First the drought, then the brush fires, now this: The softening economy has hit mid-Florida, as employees in all ranks of the leisure industry have been shown the door in recent weeks.

On June 22, Universal Studios Florida announced that it was firing 20 workers, which the company said was part of a restructuring of its marketing division. Earlier in the year, the Walt Disney Company, announced that was cutting approximately 3% of its workforce around the world -- about 4,000 jobs. Walt Disney World, for its part, instituted a hiring freeze and has been attempting to reach its target by a voluntary program first, but in early June it was reported that about 1,000 jobs would still have to be eliminated worldwide by the end of July. The company’s theme park and animation divisions are expected to be the hardest hit.

The cutbacks at Orlando’s two biggest themed employers have also filtered down to the smaller themed shops, many of which depend on the big companies for their livelihood. Sources say that ShowQuest Studios, a small firm specializing the design and production of theme park rides, has shut its doors. Calls to the company found the phone lines disconnected.

ITEC Productions, a relatively major player in the themed market, has reportedly let go or lost nearly two dozen people, ranging from shop employees to project managers to several designers, including Jon Langrel, staff LD who worked on the company’s most recent high-profile project, The Holy Land Experience. But as ITEC marketing manager Deana O’Malley points out, such moves are a common occurrence in the themed entertainment business. “[It’s] a project based industry, and we tend to use a lot more independent contractors than full-time employees anyway. That’s just the nature of how it works.” She adds that ITEC hopes to use Langrel as an independent contractor in future projects.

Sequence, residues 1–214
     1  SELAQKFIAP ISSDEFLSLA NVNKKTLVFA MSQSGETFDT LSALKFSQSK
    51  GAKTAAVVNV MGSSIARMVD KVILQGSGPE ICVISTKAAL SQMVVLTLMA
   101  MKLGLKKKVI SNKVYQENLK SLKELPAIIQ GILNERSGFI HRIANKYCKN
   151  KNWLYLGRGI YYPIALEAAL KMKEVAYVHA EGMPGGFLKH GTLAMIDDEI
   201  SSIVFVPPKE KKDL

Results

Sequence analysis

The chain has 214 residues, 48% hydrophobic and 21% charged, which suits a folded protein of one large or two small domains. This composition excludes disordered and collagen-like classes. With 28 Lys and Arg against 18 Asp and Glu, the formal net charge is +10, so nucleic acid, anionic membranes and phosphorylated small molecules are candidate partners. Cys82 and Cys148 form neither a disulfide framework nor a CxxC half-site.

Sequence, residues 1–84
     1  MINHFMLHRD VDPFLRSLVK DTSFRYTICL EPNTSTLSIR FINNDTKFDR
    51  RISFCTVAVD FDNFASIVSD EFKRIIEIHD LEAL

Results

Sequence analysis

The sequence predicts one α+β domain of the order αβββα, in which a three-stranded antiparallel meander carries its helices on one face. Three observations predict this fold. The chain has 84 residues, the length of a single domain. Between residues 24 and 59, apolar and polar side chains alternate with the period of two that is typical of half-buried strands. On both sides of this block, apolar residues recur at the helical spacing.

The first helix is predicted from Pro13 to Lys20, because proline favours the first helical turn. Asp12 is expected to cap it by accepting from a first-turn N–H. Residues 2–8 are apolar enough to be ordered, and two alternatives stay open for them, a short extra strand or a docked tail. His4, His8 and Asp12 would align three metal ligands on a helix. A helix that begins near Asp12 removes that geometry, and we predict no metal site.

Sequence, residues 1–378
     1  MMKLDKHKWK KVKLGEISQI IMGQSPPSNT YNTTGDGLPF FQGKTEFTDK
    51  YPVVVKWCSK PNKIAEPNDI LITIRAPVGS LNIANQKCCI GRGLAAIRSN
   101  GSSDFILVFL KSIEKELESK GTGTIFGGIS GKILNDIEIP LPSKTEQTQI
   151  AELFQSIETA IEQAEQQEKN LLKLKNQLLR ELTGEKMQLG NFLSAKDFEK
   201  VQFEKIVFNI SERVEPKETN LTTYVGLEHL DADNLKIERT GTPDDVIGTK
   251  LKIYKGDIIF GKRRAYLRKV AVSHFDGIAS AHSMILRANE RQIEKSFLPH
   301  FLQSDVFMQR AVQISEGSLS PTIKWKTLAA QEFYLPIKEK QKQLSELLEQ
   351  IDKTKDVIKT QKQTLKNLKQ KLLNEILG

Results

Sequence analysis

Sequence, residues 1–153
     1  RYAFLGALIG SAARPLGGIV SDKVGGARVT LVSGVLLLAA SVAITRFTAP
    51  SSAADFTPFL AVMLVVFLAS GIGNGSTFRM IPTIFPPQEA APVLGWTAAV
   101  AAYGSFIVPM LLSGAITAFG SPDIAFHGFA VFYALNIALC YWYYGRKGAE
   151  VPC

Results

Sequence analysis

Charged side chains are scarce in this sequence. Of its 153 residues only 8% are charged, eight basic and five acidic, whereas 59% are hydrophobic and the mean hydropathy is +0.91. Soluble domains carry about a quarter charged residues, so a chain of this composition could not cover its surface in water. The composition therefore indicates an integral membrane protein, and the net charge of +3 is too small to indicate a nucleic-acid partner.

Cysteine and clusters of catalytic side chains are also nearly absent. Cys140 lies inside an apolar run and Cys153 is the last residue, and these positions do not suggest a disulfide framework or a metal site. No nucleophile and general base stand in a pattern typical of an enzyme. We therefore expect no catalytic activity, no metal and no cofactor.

O’Malley also notes that the layoffs at Disney and Universal can actually have a positive impact on smaller companies like ITEC in that they will need to outsource more work rather than have it done in house.

The Holy Land Experience is being plagued by another kind of woe—not locusts, but the taxman. The Orlando Sentinel recently reported that the religious theme park must pay property taxes just like any other tourist attraction, despite its biblical theme and the fact that it is owned by a religious organization. That ruling, by the Orange County Property Appraiser's Office, means that Zion’s Hope, the ministry that funded the park, could face annual tax bills of hundreds of thousands of dollars.

The news isn’t all bad: SeaWorld Orlando recently announced it would be expanding some of the attractions at its pricey new Discovery Cove, the park that allows customers to interact with dolphins and other marine life.